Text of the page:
Reinventing the Appam

There is much to love about Kerala cuisine. And there is one special item that lends itself to multiple versions — the humble appam. A breakfast staple, usually had with a vegetable or chicken stew, it has also morphed into being a lunch or dinner accompaniment that can be had in place of rice or rotis.

Having said that, the creativity of chefs never ceases to amaze me. Executive Chef Rishi Manucha, of the Taj Deccan, has expanded the range of the appam admirably, by making this traditionally-made-with-rice-flour pancake with different flours and vegetables included. Not only does this give the appam a different taste and flavour, but some come in delicious colours too.

If that wasn’t enough, he and his team have created curries to go with these varied appams that move away from the traditional stew. Other than Meen Moilee, a coconut based fish curry that goes exceptionally well with appams, the other dishes were not what you would conventionally serve with them.

Moving on, the appams that are usually made with rice flour and coconut, now have varying flavours including a beetroot one that showed up in a delectable pink colour; one made with wheat flour that had a lovely golden hue; a green one made with spinach, and one made with oats and millets. On the menu, each kind of appam has a curry as an accompaniment, and is served with a generous portion of coconut milk.

For the adventurous foodies, the combinations include a Chettinad flavoured Beetroot Appam served with Manglorean Chicken Curry; Keerai Appam, flavoured with spinach and served with Asian style prawns; Gothambu Appam, made with wheat flour and served with Baingan ka Bharta; Five spice Oats Appam, made with oats and five spice powder, served with Chilli Paneeer among others.

A promotion is being held at its pan-Indian restaurant, Spice Junxion, till the 26th of this month, where you have a choice of plated veg or non veg curries served with two appams. The vegetarian options are priced at Rs 450 plus taxes and the non vegetarian ones at Rs 500 plus taxes.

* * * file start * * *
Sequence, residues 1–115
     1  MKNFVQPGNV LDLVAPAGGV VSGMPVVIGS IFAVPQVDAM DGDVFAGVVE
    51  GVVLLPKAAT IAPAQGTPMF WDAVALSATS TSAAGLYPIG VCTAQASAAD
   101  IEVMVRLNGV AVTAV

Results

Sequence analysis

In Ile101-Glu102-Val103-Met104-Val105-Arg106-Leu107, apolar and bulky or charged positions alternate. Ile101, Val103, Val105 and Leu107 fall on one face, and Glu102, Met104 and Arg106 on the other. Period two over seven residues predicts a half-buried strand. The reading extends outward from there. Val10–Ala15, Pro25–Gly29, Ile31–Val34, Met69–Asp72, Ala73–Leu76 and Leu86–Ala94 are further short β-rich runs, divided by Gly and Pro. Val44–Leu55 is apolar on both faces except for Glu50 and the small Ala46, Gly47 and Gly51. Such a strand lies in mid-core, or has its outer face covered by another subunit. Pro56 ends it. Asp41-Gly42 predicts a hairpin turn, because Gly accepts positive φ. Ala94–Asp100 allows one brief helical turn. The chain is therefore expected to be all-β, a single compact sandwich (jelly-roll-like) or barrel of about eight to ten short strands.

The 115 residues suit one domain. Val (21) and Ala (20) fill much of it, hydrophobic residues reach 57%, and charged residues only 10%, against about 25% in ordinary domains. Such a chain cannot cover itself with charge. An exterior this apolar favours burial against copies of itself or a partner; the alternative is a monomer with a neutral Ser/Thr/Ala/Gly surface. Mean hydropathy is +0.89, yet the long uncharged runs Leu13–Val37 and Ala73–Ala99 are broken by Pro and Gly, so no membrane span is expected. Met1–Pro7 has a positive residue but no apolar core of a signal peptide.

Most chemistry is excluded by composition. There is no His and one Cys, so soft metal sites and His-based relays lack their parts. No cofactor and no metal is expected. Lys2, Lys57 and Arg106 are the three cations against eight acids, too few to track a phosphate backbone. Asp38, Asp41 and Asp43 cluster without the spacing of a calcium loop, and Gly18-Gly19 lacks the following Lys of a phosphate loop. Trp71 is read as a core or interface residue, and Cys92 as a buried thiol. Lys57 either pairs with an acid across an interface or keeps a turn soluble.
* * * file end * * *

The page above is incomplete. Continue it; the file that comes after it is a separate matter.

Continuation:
One appam that grabbed all the attention was the Mutta or Egg Appam. Made with an egg cracked over the batter after it is placed in the pan and swirled around, this style of appams are very popular in Sri Lanka. This was served with Bhuna Gosht, a mutton curry made with whole spices and ground meat.

The other star of the promotion was the Nei Appam — served with a generous dollop of pure ghee was served with sweetened coconut milk. Perhaps the simplest combination of all the concoctions served up, to my mind, it was also the tastiest. But you cannot make a meal of it as it becomes too heavy.

While some of the curries didn’t quite gel with the appams they were served with, the others were a match made in food heaven. The Bhuna Gosht which I tried with the whole wheat appam; Palappam, the traditional one that was served with Meen Moilee; and the beetroot appam that I tried with the Manglorean Chicken Curry — were the best of the lot. Besides the one with the sweetened coconut milk that is.

On the whole, Chef Rishi and his team had excelled with their creative experimentation. The appams are a light and refreshing alternative to the boring rice and rotis. Since the festival isn’t on for much longer, I can only hope, that some of the appam innovations find their way to the menu to stay on permanently. Need I say more?


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